Eric Corriel

Enter The Machine 1.0

Programmatically generated Duratrans with microcontroller, 2016

Enter The Machine 1.0 is a series of “file portraits” that effectively turns hard drives inside out, putting their contents on display in raw form Shown in Manhattan (NY), Miami (FL), Poughkeepsie (NY), Queens (NY), Alexandria (VA), Brooklyn (NY)

Imagine you could shrink yourself down small enough to swim around your hard drive and meet your files face to face—what would you see? Enter The Machine aims to provide a new way of seeing our digital files, one that does justice to their uniqueness, the diversity of the data they contain, and the complexity by which they are structured.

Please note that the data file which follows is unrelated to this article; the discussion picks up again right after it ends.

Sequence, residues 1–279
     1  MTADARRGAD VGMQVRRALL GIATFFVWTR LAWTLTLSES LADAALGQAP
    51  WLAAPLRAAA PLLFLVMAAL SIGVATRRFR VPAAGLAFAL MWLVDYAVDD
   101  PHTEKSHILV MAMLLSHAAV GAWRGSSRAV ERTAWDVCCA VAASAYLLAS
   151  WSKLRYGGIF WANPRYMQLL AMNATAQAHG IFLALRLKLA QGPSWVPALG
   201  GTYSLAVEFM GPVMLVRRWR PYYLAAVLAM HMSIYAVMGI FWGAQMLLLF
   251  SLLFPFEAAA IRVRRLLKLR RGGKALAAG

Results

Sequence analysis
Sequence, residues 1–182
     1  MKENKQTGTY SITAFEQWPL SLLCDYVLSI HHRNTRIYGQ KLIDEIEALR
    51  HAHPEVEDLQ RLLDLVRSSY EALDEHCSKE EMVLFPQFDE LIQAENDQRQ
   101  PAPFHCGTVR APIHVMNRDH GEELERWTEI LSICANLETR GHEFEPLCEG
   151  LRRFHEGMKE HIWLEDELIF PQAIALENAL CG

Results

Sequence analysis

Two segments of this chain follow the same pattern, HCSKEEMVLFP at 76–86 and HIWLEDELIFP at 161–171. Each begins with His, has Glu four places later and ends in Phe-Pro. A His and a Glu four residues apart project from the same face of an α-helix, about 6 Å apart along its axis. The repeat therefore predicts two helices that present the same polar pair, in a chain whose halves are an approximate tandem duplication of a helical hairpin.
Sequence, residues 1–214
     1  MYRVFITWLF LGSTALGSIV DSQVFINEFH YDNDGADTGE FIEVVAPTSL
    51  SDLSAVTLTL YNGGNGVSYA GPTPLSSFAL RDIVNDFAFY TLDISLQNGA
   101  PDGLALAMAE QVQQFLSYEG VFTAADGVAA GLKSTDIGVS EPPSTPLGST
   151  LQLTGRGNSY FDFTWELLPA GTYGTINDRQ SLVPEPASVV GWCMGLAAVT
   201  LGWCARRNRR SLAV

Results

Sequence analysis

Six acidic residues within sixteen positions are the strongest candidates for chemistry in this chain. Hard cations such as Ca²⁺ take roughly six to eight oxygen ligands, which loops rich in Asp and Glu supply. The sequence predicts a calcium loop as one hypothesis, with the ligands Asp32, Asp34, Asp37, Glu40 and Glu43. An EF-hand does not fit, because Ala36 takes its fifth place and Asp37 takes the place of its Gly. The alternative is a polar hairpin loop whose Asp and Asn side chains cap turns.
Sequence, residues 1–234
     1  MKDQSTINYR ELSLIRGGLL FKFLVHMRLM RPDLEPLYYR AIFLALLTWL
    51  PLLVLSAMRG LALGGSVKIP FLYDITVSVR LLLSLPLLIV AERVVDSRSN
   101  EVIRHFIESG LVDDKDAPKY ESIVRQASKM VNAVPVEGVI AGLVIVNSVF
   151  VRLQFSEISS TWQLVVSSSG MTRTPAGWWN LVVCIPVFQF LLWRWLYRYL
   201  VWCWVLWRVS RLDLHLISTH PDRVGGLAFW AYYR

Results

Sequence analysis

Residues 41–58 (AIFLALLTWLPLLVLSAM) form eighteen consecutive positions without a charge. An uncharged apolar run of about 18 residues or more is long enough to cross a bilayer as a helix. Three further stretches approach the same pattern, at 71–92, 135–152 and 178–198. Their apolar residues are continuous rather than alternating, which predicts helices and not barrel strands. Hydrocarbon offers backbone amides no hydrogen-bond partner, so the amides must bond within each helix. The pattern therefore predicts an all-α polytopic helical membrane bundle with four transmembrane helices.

Enter The Machine : exhibition shot; photo by Brett Wood

The original solo exhibition at Garis & Hahn in 2016 consisted of nine original 48” x 30” programmatically generated Duratrans prints in handmade light boxes. Each one contains a custom built electronic circuit that allows the light boxes to slowly pulse.

The nine light boxes are listed below.

Enter the Machine 1.0: My Desktop

Consists of 218 distinct files from taken from the artist’s desktop totaling 1.4GB of data. The dataset contains mostly jpg and png files (orange/red), with occasional mov files (pink), zip files (white), and Microsoft Office files (green and blue).

Enter the Machine 1.0: My Desktop, photo by Brett Wood
Enter the Machine 1.0: My Desktop (detail), photo by Brett Wood

Enter the Machine 1.1: Downloads (stock photos, bank statements, open source code libraries, etc.)